These vines are simple, they are young and the suckers (the shoots that grow in places we don't want them; bottom and between wires in this case) and the secondaries are all easily accessible and visible. On older vines, particularly Pinot Noir, they are neither easily accessible or visible. The labour involved is often back breaking and extremely mundane but there are a mere 100 000 vines I will have to do this to in the span of a few weeks, roughly equivalent to the number of bathroom breaks I will have taken if I make it to the age of 60. It is amazing that any of us can even afford to drink wine, given the amount of labour involved and the risks from disease and insects each bottle of wine should cost about $10 000, '47 Cheval Blanc anyone?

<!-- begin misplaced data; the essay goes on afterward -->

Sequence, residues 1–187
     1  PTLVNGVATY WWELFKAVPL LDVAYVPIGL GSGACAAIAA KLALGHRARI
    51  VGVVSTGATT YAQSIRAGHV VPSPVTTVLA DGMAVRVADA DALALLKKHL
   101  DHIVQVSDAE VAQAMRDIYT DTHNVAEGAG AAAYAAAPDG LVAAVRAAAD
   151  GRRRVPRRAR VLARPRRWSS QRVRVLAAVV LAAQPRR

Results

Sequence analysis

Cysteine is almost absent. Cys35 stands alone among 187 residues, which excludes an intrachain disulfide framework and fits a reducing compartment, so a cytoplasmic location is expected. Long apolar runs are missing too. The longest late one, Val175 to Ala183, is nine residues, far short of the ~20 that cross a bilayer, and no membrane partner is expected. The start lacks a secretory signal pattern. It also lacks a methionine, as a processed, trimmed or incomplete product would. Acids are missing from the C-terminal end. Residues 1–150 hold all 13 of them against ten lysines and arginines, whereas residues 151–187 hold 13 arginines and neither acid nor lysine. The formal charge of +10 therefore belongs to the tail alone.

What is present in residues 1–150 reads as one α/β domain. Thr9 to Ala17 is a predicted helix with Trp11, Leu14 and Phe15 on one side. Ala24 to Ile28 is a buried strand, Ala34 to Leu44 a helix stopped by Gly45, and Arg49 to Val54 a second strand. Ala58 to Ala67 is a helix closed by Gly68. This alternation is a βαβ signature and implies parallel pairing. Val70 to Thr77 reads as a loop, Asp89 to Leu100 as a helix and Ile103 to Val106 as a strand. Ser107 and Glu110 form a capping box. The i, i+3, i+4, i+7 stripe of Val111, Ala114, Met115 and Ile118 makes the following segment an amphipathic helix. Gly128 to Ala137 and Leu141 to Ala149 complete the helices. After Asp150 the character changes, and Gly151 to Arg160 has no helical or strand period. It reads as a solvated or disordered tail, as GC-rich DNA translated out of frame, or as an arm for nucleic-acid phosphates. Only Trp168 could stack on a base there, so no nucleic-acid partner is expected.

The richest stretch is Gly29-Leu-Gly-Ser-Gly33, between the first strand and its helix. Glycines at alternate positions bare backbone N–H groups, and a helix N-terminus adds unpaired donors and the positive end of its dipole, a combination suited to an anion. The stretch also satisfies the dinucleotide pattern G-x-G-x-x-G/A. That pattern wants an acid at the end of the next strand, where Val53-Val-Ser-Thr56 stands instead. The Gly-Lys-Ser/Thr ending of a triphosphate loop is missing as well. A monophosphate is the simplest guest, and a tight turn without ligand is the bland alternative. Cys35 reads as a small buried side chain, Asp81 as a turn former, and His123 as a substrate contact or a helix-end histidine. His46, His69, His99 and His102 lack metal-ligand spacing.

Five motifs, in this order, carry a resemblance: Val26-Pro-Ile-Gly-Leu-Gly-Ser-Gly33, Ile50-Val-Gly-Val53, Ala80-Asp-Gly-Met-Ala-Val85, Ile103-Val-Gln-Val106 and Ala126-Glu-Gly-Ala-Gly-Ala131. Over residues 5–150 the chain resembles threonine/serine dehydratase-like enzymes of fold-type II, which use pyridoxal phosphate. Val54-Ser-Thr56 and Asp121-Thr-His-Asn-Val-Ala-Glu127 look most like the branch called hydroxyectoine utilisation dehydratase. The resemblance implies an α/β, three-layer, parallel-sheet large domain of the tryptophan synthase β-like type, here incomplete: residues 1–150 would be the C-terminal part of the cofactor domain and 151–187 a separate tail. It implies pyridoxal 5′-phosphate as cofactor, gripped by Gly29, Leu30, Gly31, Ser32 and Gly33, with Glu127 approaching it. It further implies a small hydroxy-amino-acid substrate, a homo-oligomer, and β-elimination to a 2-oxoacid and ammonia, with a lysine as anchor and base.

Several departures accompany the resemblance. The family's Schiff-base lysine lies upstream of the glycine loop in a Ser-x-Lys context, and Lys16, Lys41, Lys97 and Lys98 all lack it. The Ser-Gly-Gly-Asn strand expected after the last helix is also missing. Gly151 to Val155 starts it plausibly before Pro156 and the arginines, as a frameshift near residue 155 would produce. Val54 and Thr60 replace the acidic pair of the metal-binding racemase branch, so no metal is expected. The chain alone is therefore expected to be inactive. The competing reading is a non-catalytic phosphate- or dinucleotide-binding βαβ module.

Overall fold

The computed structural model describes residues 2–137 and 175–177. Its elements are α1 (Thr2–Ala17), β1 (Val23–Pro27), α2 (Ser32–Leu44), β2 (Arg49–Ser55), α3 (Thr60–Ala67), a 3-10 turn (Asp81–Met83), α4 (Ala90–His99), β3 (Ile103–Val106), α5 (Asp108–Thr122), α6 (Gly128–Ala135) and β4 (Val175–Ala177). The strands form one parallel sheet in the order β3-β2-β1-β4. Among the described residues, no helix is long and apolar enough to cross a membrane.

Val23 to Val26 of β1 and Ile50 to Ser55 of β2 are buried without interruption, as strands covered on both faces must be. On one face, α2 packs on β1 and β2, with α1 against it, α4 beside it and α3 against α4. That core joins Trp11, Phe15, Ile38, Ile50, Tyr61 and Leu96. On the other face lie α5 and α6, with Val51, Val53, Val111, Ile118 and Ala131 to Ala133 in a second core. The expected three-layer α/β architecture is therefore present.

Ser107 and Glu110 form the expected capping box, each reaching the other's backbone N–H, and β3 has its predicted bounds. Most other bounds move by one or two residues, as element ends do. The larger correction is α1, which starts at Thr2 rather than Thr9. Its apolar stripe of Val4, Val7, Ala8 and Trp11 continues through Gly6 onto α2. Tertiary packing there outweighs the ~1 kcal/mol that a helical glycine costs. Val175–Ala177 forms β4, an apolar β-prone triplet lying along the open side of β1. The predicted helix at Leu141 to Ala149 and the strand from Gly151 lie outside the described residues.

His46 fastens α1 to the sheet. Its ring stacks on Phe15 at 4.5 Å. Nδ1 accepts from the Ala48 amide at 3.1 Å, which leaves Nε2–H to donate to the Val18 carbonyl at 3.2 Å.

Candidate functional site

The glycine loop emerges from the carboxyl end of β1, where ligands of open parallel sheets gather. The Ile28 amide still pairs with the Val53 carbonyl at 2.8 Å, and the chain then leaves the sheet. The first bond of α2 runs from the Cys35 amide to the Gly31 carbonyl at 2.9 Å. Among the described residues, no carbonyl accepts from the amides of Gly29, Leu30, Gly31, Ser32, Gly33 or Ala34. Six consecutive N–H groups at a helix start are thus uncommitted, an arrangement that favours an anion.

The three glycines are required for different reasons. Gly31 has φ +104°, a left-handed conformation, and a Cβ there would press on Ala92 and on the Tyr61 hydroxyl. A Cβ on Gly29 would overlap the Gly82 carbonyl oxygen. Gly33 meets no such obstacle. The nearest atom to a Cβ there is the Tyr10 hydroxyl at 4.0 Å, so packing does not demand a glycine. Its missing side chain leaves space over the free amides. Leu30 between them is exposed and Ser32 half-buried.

As a final disclaimer: I don't work for either 30 Bench or Mateus but I do think both wines are worth trying.